And you ... get caught up on the perpetual virginity of the Theotokos based on what you believe is a scientific argument? Give me a break, surely you see why it's hard for me to take this objection of yours seriously.

No. I have said I personally doubt Mary remained a virgin, but remain open to the possibility. However, I cannot seriously consider the Proto. of James as a source to help determine the validity of that claim (that Mary remained a virgin all the days of her life) and interpretation of the Biblical text.
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« Reply #37 on: December 06, 2007, 04:10:59 AM »

No. I have said I personally doubt Mary remained a virgin, but remain open to the possibility. However, I cannot seriously consider the Proto. of James as a source to help determine the validity of that claim (that Mary remained a virgin all the days of her life) and interpretation of the Biblical text.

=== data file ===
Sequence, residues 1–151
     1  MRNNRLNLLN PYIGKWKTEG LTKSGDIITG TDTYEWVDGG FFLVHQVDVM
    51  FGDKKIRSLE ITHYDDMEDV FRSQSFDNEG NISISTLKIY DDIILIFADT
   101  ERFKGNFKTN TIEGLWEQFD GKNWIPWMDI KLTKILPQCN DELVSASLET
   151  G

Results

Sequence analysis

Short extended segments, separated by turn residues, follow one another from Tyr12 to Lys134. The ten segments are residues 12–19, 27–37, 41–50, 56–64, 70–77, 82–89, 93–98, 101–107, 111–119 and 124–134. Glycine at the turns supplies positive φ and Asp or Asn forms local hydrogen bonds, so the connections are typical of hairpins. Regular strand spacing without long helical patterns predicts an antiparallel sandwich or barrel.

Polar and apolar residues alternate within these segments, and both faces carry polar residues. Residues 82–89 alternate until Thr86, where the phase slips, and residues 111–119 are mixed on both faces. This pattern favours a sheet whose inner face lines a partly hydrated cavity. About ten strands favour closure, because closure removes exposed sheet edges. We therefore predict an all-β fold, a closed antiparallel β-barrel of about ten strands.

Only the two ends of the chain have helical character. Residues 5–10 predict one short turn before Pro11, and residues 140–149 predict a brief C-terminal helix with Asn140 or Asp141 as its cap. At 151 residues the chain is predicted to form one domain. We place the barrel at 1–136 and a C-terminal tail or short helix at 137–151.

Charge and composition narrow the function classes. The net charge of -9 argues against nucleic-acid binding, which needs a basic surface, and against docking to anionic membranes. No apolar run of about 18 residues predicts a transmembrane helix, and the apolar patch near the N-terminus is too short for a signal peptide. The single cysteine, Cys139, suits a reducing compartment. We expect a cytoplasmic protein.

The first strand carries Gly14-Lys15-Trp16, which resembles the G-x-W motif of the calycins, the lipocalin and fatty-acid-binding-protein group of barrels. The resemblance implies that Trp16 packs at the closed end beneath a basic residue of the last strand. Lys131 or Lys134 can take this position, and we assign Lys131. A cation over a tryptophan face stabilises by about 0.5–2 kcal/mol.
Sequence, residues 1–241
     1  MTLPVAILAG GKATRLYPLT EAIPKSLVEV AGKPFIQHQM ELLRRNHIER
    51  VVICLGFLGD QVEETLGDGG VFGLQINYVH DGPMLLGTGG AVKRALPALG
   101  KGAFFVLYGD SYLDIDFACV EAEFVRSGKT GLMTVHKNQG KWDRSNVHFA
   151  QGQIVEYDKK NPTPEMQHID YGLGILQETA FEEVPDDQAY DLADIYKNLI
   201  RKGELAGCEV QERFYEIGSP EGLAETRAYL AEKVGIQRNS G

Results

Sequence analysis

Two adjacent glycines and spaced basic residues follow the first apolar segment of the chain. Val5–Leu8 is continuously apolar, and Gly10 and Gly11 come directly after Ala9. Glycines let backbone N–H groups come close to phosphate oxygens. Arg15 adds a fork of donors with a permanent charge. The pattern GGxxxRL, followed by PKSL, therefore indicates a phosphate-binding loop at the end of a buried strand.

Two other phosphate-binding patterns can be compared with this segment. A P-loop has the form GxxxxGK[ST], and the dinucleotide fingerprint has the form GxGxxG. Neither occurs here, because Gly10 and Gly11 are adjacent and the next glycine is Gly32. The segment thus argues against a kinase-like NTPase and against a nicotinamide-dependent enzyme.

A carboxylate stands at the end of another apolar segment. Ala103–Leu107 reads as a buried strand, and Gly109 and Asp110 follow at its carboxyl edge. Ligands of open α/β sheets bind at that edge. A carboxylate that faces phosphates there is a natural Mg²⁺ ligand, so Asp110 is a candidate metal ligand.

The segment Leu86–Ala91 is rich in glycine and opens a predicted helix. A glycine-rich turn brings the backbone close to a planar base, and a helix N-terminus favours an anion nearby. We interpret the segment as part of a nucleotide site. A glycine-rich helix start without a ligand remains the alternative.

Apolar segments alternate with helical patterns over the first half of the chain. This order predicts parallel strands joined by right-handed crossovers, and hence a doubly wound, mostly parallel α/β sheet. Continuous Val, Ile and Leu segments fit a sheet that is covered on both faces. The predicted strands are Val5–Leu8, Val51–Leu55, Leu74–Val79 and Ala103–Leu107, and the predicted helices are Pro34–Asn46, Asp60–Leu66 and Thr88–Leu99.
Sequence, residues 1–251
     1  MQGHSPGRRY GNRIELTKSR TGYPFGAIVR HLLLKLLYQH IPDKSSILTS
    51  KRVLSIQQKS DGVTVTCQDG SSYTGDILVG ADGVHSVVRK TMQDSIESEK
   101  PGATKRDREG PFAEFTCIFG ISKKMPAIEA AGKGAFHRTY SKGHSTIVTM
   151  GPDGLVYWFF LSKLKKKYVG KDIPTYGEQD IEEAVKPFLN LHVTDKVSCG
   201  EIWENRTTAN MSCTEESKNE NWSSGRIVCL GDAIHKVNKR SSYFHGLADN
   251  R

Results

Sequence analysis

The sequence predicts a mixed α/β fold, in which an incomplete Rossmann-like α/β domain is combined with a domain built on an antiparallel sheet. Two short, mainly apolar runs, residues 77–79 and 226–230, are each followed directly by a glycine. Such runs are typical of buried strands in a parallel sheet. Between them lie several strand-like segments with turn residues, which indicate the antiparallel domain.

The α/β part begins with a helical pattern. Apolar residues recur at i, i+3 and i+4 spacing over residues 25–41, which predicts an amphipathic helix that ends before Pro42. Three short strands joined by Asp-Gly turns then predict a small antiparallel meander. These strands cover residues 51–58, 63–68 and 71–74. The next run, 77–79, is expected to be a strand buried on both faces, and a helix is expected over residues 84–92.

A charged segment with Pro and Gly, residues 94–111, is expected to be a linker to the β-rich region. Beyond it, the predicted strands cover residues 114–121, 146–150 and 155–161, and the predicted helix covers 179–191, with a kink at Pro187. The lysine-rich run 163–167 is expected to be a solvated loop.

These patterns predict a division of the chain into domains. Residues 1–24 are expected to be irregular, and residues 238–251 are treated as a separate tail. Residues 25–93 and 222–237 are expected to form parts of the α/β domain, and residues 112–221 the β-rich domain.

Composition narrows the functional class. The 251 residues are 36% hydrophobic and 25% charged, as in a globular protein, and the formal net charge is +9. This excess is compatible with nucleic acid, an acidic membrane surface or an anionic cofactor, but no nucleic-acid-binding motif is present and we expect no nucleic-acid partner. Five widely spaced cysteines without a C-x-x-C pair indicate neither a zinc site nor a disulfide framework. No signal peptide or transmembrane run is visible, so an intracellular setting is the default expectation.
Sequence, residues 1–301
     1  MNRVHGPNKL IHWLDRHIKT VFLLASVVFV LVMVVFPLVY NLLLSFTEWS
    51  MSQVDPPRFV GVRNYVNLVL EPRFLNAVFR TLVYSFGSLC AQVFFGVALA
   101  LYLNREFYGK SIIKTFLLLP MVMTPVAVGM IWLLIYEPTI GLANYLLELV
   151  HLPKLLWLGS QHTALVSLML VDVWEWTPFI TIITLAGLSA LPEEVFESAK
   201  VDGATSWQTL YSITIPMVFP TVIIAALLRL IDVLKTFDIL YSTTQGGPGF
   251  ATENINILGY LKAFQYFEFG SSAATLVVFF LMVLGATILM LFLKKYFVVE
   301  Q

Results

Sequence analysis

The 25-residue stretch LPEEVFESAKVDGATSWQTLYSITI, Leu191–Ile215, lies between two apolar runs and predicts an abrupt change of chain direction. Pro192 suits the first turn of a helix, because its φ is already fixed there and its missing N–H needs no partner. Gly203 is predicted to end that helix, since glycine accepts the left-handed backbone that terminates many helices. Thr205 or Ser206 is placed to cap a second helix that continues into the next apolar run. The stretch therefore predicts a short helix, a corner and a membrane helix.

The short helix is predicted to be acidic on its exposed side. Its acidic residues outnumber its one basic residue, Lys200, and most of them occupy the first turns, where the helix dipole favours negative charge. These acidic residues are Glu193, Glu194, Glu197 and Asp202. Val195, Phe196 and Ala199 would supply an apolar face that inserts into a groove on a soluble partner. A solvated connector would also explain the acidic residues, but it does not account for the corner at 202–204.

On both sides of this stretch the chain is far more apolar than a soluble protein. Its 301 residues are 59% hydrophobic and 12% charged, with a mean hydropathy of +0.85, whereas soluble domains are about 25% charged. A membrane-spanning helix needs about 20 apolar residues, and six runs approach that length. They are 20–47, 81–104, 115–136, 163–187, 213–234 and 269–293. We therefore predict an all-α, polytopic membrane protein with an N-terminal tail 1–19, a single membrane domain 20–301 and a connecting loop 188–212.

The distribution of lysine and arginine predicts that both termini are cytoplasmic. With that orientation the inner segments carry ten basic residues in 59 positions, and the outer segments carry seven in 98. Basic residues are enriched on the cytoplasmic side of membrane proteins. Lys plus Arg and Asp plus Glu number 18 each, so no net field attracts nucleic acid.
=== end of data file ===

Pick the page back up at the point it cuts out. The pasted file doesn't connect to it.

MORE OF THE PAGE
Well, that's understandable, I personally dislike Matthew and tend to avoid it when at all possible. In comparison to the other Gospels it's clearly biased towards a Jewish cultural perspective and the author seems more concerned with converting the Jews than giving an objective presentation of the facts surrounding Christ's life. It's a shame that many give it equal standing with the infinitely better Gospel of John.

But in the end, Matthew really says nothing to support your hypothesis; only if one failed to read it in Greek and (for some strange reason) decided to read it in translation could they come to your conclusion. As for Protoevangelium of James, it seems to be the earliest document that actually addresses the issue, or do you know of an earlier one?